In an attempt to bring light to the cultural resistance that some Pakistanis express against the hijab (and sometimes even the beard) I’ll say this much:

In Pakistan, our identification with our faith, our nation, and our culture tends to blur. It’s almost hard to tell where certain cultural understandings comply with our faith or defy it. For certain groups or individuals, there is a variation in how much our faith applies in our culture if it hasn’t already influenced the culture overall. On top of that, Pakistani Americans are a people who are struggling to integrate.

How we have been going about this has added to the tension between how different communities, families, and individuals operate.

Therefore, I do have to worry about other Muslims’ opinions.

My family gets a kick out of my tendency to answer aunties when they comment on my weight and height, but I’m more limited in my diplomatic options when I get unwarranted remarks on the hijab.

A wrong move gives Pakistanis who are wary of religious attire all the more reason to hold a grudge against it.

Family and friends alike are ready to inform me that there are people who wear hijab (and niqab and burka) who are not “good” people, (ergo probably not “good” Muslims). After nearly two decades on Earth, I had not remained unaware of this possibility. If a person in a hijab, burka, niqab or with a beard has ever acted unjustly in your eyes I can’t apologize for that bad taste in your mouth.

It’s just not up to me.

Not to mention, those who outwardly “look” Muslim aren’t exactly at an overall advantage in the United States.

That being said, hijab is not limited to a culture, but I’ve seen and heard Pakistanis treat it as something that should be excluded from ours.

It’s an interesting type of conservatism, isn’t it? There simply is no fine line between Pakistanis who want to conserve their faith and their cultural identities.

One can be both.

Aside from cultural conservatism, insecurity hides under the tension between Pakistanis and their friends and family who wear hijab. It’s normal for people to worry about being judged by people whose outward appearance reflects their faith.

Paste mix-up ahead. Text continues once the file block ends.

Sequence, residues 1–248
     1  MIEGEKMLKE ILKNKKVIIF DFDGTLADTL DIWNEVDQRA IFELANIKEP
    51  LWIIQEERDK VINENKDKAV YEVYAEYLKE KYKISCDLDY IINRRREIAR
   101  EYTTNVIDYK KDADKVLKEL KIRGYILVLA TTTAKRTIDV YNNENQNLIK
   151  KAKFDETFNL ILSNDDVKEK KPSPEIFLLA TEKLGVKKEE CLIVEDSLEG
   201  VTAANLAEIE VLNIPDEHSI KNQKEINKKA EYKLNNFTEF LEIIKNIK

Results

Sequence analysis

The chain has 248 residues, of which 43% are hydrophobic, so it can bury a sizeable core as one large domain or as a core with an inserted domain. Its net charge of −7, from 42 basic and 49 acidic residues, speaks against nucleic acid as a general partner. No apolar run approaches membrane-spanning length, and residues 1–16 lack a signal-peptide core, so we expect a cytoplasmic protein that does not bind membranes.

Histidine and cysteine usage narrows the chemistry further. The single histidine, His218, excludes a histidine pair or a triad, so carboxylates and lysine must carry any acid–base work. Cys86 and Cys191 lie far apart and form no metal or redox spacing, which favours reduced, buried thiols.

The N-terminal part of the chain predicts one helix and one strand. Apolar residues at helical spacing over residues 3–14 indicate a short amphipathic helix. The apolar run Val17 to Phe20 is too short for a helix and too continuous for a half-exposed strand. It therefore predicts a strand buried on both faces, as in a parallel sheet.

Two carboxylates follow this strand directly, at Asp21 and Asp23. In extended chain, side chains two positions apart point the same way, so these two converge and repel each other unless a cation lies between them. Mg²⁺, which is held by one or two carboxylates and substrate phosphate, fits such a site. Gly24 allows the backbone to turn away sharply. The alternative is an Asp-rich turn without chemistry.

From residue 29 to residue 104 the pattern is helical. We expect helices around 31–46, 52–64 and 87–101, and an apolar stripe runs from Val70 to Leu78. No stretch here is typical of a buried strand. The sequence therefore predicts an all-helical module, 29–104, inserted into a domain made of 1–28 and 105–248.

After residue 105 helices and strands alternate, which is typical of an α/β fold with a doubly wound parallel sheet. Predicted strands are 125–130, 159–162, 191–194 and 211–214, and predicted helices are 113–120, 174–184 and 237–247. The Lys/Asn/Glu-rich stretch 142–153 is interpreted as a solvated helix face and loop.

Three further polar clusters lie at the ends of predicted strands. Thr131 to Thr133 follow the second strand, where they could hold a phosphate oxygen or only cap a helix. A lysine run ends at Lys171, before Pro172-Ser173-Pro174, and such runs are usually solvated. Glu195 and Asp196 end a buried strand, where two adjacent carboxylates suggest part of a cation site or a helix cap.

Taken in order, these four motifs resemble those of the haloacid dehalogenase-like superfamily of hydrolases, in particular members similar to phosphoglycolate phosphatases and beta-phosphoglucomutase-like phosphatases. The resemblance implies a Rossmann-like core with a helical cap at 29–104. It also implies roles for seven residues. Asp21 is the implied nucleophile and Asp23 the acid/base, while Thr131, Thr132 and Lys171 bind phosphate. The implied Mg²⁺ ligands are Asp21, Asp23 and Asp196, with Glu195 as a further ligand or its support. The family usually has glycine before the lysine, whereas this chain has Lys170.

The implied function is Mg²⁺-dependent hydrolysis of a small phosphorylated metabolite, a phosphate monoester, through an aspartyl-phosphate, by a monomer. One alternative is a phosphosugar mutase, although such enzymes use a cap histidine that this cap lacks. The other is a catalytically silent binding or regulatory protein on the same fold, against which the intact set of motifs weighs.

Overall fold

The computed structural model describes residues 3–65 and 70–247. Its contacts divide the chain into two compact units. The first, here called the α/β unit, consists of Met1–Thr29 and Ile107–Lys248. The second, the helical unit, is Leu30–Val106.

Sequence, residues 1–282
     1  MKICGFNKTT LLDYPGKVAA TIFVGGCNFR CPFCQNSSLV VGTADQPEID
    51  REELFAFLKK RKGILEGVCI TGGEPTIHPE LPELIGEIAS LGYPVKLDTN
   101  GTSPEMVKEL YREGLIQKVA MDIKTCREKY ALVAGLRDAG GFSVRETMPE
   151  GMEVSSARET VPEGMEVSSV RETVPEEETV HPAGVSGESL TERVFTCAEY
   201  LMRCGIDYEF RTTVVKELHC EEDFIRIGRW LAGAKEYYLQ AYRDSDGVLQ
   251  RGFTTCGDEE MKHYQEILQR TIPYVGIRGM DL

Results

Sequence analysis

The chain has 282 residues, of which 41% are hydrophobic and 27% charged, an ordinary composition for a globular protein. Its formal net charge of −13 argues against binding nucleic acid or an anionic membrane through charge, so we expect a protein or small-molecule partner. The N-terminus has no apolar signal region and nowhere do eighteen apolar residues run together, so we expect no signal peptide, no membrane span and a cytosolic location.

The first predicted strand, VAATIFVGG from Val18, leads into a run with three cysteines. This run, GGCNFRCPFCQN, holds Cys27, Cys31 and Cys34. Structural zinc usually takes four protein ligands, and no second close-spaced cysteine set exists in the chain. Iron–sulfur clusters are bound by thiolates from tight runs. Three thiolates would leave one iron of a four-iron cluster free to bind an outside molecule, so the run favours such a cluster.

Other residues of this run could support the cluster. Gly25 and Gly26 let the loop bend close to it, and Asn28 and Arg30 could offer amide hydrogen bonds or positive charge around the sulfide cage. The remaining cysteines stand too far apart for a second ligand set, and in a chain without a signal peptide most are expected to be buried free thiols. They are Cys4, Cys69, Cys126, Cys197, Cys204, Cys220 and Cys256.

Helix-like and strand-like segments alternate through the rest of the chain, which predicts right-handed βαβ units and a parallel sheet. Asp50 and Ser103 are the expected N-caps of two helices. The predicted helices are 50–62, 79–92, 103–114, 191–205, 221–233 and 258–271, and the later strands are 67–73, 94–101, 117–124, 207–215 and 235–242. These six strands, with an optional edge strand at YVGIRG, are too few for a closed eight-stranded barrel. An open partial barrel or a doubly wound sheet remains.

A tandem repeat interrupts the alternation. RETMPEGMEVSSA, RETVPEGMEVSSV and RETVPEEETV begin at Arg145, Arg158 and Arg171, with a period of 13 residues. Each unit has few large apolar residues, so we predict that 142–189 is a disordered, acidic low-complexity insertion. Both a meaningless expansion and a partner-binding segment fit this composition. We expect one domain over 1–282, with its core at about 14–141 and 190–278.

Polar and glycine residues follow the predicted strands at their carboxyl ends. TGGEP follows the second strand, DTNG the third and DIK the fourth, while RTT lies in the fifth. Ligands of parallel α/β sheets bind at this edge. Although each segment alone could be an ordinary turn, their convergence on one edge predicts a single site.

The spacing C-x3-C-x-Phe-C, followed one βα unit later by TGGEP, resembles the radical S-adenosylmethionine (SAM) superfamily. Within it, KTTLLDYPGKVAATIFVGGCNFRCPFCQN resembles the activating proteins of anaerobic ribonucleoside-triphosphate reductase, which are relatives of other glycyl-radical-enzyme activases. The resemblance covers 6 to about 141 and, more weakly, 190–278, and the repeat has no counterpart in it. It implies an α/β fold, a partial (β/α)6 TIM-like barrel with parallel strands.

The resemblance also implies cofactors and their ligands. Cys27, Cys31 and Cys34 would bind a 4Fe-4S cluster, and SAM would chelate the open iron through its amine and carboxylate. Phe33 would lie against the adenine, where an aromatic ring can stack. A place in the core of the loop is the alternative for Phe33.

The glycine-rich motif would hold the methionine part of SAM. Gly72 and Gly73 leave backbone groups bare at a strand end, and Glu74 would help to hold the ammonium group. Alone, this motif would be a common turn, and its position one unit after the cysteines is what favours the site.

I know this because I also felt insecure before I wore hijab (I still do, because dressing modestly is hard when the standard is blurry) and people who acted awkward about my decision admitted this issue too. If you walk on eggshells around people who dress a certain way, you are only reinforcing the notion that they may have some higher moral standing than you, and we all know deep down that this does not have to be true.

Neither friends nor family were ever supposed to feel like I hold anything against them for the way they dress. It actually cannot work like that. I just wanted to continue to take pride in my culture without feeling like I had to put my faith behind it.

As people who are constantly judged for their outward appearance, those in hijab or beard ought to know better than to hold someone’s lack of against them.

When you’re a Muslim in the Western world, you carry this weight of ensuring that whatever you do, you don’t leave a negative impression.

You feel this weight most if your name or appearance gives away your identity.

Imagine feeling that weight out and about among non-Muslims and around other Muslims too.

It was not fun to see the friends I grew up with watch as elders made faces at my attire and made comments that I couldn’t respond to.

Though it’s not something that’s easy to smile through, I was okay, more than okay. The concerns of how you look in your scarf and what others think (at times excluding concerns about safety) go through you so easily when you remember why you made this decision.

At that point, nothing else matters.

It goes from something frustrating to something peaceful. In a culture where “what will people say?” is over-emphasized, to remind yourself that people will simply say whatever they say is a reclamation of self-control. Wasn’t the hope that I could prioritize God-consciousness over petty opinions not a heavy factor in my decision?

It will always be a struggle and I wind up back at square one every day, but its worth it for me.

At the end of the day, Pakistanis are mostly harmless about these things (I think). It probably helps that my family has mostly digested my situation. My mother and sisters have stood up for me because you can make fun of your family, but no one else can – and because they have come to somewhat respect my decision. Some of my Desi friends genuinely wanted to look out for me from the start. Some of them didn’t say anything and I knew why.

Things feel okay now though, maybe even more than okay.

[bctt tweet=”In either case, I can’t apologize for ruining family photos by sticking out. ” username=”wearethetempest”]

Some people, including Pakistanis, are actually very kind and tell me that I look beautiful in my scarf out of appreciation of seeing me in it. Many people genuinely want me to be safe and free from discrimination as I proceed through life. Honestly, I do get scared at times- that’s a separate issue though.

Meanwhile, some are still waiting for me to change my mind, and many are surprised that I haven’t yet.

Damned if I do, damned if I don’t.